New table cards for MoMA's Cafe2
One afternoon in the fall of 2005, I was at the Museum of Modern Art, hereafter referred to as MoMA, pronounced with a long O, not like momma. I had ordered lunch in Cafe2 (its the cafe on the second floor) and went and sat next to an older woman. As we were waiting for our food to arrive, we got to talking about the food delivery system, hereafter referred to as FDS.
An explanation of the FDS
Sometimes (not consistently) a host hands you a card, like the one above, that explains the procedure at Cafe2. When you order at the counter, the cashier hands you a laminated card with a number on it and she (they were all women) types that number into your order on the machine. Once you find a seat, you are supposed to place your numbered card into the alligator clip mounted at the top of a wire stand. Guys (they were all men) later pick up the order and check the ticket for the number that the cashier typed in. The guys then have to scan the entire room until they find the card with the number that they seek.
Okay, back to the story: This woman wisely suggested that they could color code the numbers. Brilliant idea. I told her so. She flushed a bit and we discussed it a bit further, enjoyed our lunch, then parted ways amicably.
A few months later, Sean and I are sitting in about the same area in the same cafe. I told Sean about the discussion I had with the lady. We further refined the concept - 3 or 4 different colors. And different shapes. Color coding the numbers and using different shapes would reduce the amount of cards the guys would have to scan. If the guy was looking for 'Red round 44' he would only have to peruse the round red cards until he found number 44. Also, Cafe2 at MoMA was very minimally furnished - simple tables and chairs, white walls with white framed white art on them. We felt the splashes of accent colors on the table tops would add a nice aesthetic touch to the space. Especially since it was in a museum. We made a few sketches and notes (our work space shown at left). Sean took some pictures and we refined our notes and the images over the next few weeks.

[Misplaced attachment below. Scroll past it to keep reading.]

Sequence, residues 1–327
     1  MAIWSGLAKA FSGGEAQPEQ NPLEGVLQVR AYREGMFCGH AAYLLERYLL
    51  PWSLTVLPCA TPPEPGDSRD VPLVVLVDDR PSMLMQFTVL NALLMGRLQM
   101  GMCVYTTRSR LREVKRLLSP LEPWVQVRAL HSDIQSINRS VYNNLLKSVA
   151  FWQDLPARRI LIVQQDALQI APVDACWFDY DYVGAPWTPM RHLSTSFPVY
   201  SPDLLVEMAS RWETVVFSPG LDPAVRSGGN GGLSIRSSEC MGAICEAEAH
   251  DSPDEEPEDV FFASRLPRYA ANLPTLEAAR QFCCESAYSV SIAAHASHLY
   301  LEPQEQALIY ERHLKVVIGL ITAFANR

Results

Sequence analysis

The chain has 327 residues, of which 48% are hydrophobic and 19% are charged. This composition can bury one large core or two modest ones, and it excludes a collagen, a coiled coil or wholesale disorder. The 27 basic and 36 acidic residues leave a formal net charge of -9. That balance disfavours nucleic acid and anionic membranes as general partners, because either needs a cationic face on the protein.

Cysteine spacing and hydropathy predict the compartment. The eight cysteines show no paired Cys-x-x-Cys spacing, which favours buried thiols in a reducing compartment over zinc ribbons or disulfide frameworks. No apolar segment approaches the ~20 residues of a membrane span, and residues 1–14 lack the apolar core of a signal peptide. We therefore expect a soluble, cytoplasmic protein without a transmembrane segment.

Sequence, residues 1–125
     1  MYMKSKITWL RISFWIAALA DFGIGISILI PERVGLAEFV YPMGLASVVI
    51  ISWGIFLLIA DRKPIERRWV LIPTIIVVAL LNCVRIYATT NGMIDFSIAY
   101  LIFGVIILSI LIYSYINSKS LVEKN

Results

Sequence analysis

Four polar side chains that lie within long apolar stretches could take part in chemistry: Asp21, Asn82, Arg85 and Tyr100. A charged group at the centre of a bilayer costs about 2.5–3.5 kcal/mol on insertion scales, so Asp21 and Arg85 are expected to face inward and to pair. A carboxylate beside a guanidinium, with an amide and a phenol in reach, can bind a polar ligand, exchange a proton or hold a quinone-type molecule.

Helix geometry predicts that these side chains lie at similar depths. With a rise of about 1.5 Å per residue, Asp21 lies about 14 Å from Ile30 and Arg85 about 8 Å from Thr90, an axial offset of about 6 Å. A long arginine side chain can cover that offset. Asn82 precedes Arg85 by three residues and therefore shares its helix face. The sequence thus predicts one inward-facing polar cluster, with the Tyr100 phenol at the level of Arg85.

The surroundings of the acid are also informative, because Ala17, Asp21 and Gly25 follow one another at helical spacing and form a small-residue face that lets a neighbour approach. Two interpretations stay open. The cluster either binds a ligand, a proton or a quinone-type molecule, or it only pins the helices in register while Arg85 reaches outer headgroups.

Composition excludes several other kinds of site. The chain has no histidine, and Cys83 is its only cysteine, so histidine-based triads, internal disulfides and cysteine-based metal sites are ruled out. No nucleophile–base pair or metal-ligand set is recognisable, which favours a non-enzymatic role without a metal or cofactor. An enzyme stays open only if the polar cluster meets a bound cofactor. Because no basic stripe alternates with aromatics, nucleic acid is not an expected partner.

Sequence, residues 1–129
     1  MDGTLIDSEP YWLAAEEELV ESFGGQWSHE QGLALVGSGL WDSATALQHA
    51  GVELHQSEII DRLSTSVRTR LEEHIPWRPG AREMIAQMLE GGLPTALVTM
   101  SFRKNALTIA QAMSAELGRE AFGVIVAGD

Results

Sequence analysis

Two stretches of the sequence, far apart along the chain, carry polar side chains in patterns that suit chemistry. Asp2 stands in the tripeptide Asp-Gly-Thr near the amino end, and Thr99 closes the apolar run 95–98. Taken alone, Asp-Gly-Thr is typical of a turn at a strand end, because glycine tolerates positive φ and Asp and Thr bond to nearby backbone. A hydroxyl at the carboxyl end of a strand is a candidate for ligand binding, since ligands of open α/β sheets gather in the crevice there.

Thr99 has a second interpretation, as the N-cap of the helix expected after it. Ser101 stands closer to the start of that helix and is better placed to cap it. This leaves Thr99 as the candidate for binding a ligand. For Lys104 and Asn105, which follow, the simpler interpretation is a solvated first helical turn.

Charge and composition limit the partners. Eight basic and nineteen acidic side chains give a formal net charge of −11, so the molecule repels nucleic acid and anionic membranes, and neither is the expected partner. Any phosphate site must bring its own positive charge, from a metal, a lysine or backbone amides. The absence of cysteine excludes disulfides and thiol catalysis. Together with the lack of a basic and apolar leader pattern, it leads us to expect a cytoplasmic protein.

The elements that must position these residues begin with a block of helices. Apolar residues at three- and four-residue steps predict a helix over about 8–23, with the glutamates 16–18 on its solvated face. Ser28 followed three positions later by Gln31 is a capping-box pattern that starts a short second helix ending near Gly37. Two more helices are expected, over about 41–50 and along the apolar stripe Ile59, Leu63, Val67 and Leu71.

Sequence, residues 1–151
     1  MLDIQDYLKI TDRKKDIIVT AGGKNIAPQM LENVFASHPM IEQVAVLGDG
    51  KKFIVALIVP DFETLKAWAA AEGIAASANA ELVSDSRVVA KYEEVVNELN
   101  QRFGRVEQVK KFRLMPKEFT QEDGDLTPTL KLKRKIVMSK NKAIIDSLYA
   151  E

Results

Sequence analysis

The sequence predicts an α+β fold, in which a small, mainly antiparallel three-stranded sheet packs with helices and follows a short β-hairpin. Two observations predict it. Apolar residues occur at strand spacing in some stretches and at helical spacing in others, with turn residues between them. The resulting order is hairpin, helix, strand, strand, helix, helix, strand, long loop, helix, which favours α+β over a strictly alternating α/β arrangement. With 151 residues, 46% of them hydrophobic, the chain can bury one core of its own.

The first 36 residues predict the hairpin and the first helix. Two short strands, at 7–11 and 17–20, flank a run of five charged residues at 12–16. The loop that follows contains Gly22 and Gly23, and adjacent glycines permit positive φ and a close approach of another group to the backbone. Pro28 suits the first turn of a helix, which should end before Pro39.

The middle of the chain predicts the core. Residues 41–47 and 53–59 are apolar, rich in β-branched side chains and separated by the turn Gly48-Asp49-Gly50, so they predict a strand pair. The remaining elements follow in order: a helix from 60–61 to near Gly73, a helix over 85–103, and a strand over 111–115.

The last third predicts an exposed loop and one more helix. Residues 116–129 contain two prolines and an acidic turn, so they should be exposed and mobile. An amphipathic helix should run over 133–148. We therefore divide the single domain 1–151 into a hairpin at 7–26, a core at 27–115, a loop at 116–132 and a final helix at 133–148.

The proposed new FDS consists of colorful unique floral shapes that uniquely denote food order numbers and provide an innovative and fun aesthetic element within Cafe2 at MoMA.
The new cards also serve as 'centerpieces' on the table. Centerpieces remind us of having guests over, decorating the table, and providing a special sense of comfort and care for our guests. The floral shapes offset the rigid geometry of the architectural features in the space and become, themselves, abstract works of art - art that is functional and enhances the Cafe2 dining experience.
Some of Sean's rough sketches of the cards. On the left - flowers and shapes. On the right - refined roughs of all flowers.
The proposed FDS table cards:
1. Enhance the efficiency of delivery of food. It is easier and quicker to spot a particular number. The basic concept already in place with black & white, is now carried even further.
2 Add a fun layer of aesthetics to the cafe. The spots of colors and shapes become focal points that help unify the room and provide a sense of whimsy and fun for the tired and hungry museumgoer.
3 Continue to show how MoMA pays attention to detail and impresses the visitor with innovative graphics and systems for operation. The proposed solution meets the objectives of improving the FDS and adding a fun element of focal aesthetics to the museum cafe.
Presentation booklet cover
Sean Cobb designed a leave-behind presentation that included diagrams, sample cards, sketches, and thorough rationale.
In addition to improving the efficiency of the FDS and enhancing the aesthetics of the space, the new shapes offset the rigid geometry of the architectural features in the cafe and become themselves, abstract works of art - art that is functional and enhances the dining experience for the MoMA guest.
Before and after
Above: the existing FDS in Cafe2. Below, the proposed FDS in Cafe2.
The Cafe2 Coasters
The new shapes and colors used in Cafe2 lend themselves appropriately to a set of coasters that can be sold in the MoMA Design Store. The museum visitor can now take a bit of their experience home with them. Each flower shape has the additional copy of Cafe2 and MoMA to help reinforce the brand image of the museum. The coasters are sold in a flat pack of 4. The simple clear package allows the coasters and MoMA brand to be easily seen while sitting on the shelf in the store. Shoppers can buy multiple sets if they need more than 4 coasters.
Design concept: Jim Watson, Sean Cobb, and some anonymous woman
Initial discussion: Fall 2005
Concept refinements: July 2, 2006
Notes and photos: July 2, 2006
Sketches and fotos: July 2006
Preparation of submission packet: September & October 2006
Submission to MoMA: October 20, 2006
Cafe2 was remodeled in November of 2006. A visit after it reopened showed that they are now using three colors - black, white, and red. Each card has instructions printed on it.
In 2009, I noticed a new pattern on the napkins - these geometric shapes would be perfect on the table cards. These patterns were designed by Ivan Chermayeff in the 1960s for use on sugar packets at the MoMA Cafe. The three basic chspaes - circle, square, triangle - would be perfect for the table cards.
The slightly blurry foto below is of brgr, an excellent hamburger restaurant on 7th Avenue in NYC that uses a similar system of colored flag cards.